This study adds to the existing body of knowledge on online versus in-person instruction by specifically addressing the question of how effective online instruction is for students who are physically on campus, where they retain their peer support networks and physical learning environments. In this study we considered online and in-person sections of an upper-level required undergraduate computer science course at a large public university in Spring 2022. Students were free to choose to enroll in either the online or in-person sections, both offered in the same semester, by the same instructor, using the same material. The online section had 222 students and the in-person section had 117 students.

The course followed a flipped format with pre-lecture videos. During class time, students were expected to complete computer-based group activities. The in-person section completed these activities in the classroom while the students in the online section had to arrange to complete the activities with their groups at a time of their choosing, either in person or online. All course assessments were completed using an online platform. Students took quizzes and the final exam online using their own computers, which were proctored by course staff online via Zoom.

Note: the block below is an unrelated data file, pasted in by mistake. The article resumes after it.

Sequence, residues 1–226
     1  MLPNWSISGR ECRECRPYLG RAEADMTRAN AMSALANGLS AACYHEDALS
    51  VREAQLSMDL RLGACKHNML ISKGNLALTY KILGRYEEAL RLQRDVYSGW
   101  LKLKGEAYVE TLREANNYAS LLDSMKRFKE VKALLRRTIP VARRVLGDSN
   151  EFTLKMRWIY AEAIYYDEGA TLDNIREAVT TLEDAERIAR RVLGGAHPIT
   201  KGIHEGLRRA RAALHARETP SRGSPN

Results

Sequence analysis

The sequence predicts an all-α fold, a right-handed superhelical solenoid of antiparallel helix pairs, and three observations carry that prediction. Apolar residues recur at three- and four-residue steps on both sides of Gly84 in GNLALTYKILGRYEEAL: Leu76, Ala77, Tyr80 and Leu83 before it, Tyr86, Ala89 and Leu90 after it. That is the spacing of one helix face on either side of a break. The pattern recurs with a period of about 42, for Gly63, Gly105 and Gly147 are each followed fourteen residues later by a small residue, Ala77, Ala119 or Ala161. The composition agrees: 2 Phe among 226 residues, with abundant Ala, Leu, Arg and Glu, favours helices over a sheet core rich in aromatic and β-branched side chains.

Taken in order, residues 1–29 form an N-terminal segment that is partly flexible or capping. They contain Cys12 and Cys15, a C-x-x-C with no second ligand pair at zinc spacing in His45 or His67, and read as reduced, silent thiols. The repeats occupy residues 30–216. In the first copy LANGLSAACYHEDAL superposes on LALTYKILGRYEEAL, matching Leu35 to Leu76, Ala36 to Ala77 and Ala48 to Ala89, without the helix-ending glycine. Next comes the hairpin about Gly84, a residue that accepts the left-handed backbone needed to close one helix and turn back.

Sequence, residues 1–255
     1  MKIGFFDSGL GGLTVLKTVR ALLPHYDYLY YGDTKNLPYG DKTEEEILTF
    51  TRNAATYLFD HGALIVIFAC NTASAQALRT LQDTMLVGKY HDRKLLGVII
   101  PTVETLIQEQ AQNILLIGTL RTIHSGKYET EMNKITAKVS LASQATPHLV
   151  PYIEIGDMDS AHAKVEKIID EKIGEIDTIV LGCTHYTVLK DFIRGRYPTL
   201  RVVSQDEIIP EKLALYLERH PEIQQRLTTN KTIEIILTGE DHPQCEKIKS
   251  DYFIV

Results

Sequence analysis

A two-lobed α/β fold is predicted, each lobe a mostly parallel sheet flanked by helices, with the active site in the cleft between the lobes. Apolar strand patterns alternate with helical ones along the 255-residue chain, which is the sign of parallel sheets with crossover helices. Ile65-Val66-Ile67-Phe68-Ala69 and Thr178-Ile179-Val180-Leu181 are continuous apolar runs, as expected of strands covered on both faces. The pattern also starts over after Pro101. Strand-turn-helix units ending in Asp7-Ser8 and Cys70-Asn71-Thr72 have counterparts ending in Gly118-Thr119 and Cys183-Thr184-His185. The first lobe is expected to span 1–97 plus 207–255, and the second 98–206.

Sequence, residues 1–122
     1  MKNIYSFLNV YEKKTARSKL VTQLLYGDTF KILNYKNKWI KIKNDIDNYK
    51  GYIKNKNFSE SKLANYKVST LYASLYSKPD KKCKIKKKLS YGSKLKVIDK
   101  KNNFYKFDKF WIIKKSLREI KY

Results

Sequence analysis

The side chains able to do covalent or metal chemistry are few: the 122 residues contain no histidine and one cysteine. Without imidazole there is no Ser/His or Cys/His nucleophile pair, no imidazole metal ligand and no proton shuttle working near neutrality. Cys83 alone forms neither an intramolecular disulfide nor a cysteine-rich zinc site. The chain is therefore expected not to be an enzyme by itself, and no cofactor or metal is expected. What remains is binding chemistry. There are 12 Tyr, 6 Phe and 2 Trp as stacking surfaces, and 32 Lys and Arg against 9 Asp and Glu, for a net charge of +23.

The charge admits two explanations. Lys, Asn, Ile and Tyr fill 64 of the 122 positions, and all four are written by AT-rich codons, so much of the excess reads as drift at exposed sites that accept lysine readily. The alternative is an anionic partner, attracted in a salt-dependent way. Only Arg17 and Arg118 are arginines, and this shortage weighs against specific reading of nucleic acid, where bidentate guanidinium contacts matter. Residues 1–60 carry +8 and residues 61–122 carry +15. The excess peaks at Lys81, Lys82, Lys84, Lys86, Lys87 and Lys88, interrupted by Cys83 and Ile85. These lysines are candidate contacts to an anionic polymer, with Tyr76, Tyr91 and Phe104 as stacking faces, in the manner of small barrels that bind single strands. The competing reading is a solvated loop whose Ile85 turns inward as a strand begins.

We compared assessment performance and sense of belonging for students in the online and in-person sections. The two sections had similar average student GPA at the start of the course (3.78 and 3.73 for online and in-person sections respectively; not significant, Cohen’s d = 0.15 and p = 0.22). Controlling for GPA, the two sections had similar quiz averages and final exam average (the online section was 1.3% higher, which was not significant; Cohen’s d = 0.1 and p = 0.4). Disaggregating by gender and URM status showed similar results.

We also conducted pre and post surveys that included measures of student’s sense of belonging in relation to their instructors and classmates (whole class) and in relation to their collaborative groups (within group). Students in the online and in-person sections report similar levels of sense of belonging on average in both surveys (for example, for the post survey the in-person section was 0.05 points higher on a 5-point scale, which was not significant; p = 0.6). Moreover, the whole class sense of belonging statistically increases from the beginning to the end of the semester in both sections.

Based on these results we conclude that online sections of courses for on-campus students can be an effective way to accommodate large class sizes and increased enrollment pressure, while not disadvantaging students in either learning outcomes or sense of belonging. In our study about 2/3 of students preferred to enroll in the online section, substantially reducing the demands for classroom space.

Gulati, R. S., & West, M., & Zilles, C., & Silva, M. (2023, June), Comparing Student Outcomes in Online vs. In-person Sections of an On-campus Computer Science Course Paper presented at 2023 ASEE Annual Conference & Exposition, Baltimore , Maryland. 10.18260/1-2--43276